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D. Q. Lu*, J. C. Le & S. Q. Dai, “Flexural-gravity waves due to transient disturbances in an inviscid fluid of finite depth”, Journal of Hydrodynamics, Vol. 20, No. 2, pp. 131-136, Elsevier B.V. & Shanghai Publishing House for Journal of Hydrodynamics, Apr. 2008. The original publication is available at sciencedirect.com
http://dx.doi.org/10.1016/S1001-6058(08)60038-4

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2008,20(2):131-136

AN INVISCID FLUID OF FINITE DEPTH*

LU Dong-qiang, LE Jia-chun

Shanghai Institute of Applied Mathematics and Mechanics, Shanghai University, Shanghai 200072, China

DAI Shi-qiang

Shanghai Key Laboratory of Mechanics in Energy and Environment Engineering, Shanghai 200072, China,

E-mail: dqlu@shu.edu.cn

Abstract: The dynamic response of an ice-covered fluid to transient disturbances was analytically investigated by means of integral

transforms and the generalized method of stationary phase. The initially quiescent fluid of finite depth was assumed to be inviscid,

incompressible, and homogenous. The thin ice-cover was modeled as a homogeneous elastic plate. The disturbances were idealized

as the fundamental singularities. A linearized initial-boundary-value problem was formulated within the framework of potential flow.

The perturbed flow was decomposed into the regular and the singular components. An image system was introduced for the singular

part to meet the boundary condition at the flat bottom. The solutions in integral form for the vertical deflexion at the ice-water

interface were obtained by means of a joint Laplace-Fourier transform. The asymptotic representations of the wave motion were

explicitly derived for large time with a fixed distance-to-time ratio. The effects of the finite depth of fluid on the resultant wave

patterns were discussed in detail. As the depth increases from zero, the critical wave number and the minimal group velocity first

increase to their peak values and then decrease to constants.

Very large floating structures in the offshore studied in detail in comparison with that for pure

region and the ice-cover in the polar region are usually gravity waves. It was found that there exists a minimal

idealized as thin elastic plates in the theoretical group velocity and the wave system observed depends

investigations [1-14]. Flexural-gravity waves occur at on the moving speed of the observer. For an observer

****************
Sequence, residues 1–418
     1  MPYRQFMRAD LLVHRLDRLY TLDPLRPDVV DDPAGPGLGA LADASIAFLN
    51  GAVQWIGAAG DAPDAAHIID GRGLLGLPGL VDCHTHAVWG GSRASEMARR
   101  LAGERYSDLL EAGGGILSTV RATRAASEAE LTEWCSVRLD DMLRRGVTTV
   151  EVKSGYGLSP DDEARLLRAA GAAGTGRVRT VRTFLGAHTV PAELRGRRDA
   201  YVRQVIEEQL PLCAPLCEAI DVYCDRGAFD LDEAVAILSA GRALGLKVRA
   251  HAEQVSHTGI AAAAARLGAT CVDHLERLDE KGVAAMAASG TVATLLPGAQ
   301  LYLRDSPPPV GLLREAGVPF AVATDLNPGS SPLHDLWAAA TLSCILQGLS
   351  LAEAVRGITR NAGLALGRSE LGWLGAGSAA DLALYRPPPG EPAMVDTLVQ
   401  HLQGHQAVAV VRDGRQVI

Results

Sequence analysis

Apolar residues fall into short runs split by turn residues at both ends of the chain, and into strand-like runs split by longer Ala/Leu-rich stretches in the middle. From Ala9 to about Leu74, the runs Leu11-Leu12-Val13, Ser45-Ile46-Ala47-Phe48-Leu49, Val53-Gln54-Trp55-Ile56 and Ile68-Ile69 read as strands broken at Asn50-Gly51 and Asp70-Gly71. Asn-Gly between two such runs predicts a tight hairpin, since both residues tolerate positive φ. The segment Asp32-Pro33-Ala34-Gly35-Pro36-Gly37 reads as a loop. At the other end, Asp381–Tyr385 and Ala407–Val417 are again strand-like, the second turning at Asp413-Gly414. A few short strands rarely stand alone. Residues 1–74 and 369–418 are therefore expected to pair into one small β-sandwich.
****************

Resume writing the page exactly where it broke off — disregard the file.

the surface of a fluid covered by an elastic plate. moving with the speed larger than the minimal group

Asymptotic solutions for the transient flexural waves velocity, there exist two trains of waves, namely, the

due to disturbances in an inviscid fluid of infinite long gravity waves and the short flexural waves, the

depth were considered by Maiti and Mandal[10], Lu latter riding on the former.

and Dai [11]. A well-posed initial-boundary-value In this article, the flexural-gravity waves

problem was formulated by Lu and Dai [11]. The generated by an instantaneous line and point source

submerged in an inviscid fluid of finite depth are

considered. The asymptotic representations of the

wave motions for large time with a fixed

* Project supported by the National Natural Science distance-to-time ratio are derived for different regions.

Foundation of China (Grant No.10602032), the Shanghai The partition of region depends on the intrinsic group

Rising-Star Program (Grant No. 07QA14022), and the velocities of the system under consideration. The

Shanghai Leading Academic Discipline Project (Grant No.

Y0103). effect of finite depth on the wave system is studied.

Biography: LU Dong-qiang (1972- ), Male, Ph. D., Associate The other kinds of impulsive concentrated

Professor disturbances, for example, an instantaneous dynamic

132

the fluid, and an initial displacement of the ice plate, w]

can be dealt with by the method presented in this ) |t =0 = ] |t =0 = |t =0 = 0 (5)

article. The case with a point mass source can be

wt

studied by a straightforward application of the

Moreover, since the finite disturbance must die out at

procedure provided in Sections 2-3 and the method

infinity, it is required that ) o 0 as z o f ,

given in Ref. [11].

which imposes the uniqueness on the problem

considered.

2. Mathematical formulation Now, let the entire solution be written as

Without loss of generality, a Cartesian coordinate

system is used, in which the z axis points vertically ) = ) S ( x , t , x0 ) + ) I ( x , t , x1 ) + ) R ( x , t )

upward while z = 0 represents the mean ice-water (6)

interface. Therefore, the governing equation is

where ) S and ) I are the velocity potentials due to

) = M G ( x x0 )G (t )

2

(1) the simple source at x0 and at x1 , respectively,

) R is a continuous function everywhere in the

where ) ( x , t , x0 ) is the velocity potential for the corresponding domain, which represents the effect of

perturbed flow, M is the constant strength of the ice-cover boundary, x1 is the image point of x0

simple source, x is a field point, x0 is the source with respect to the flat bottom z = H and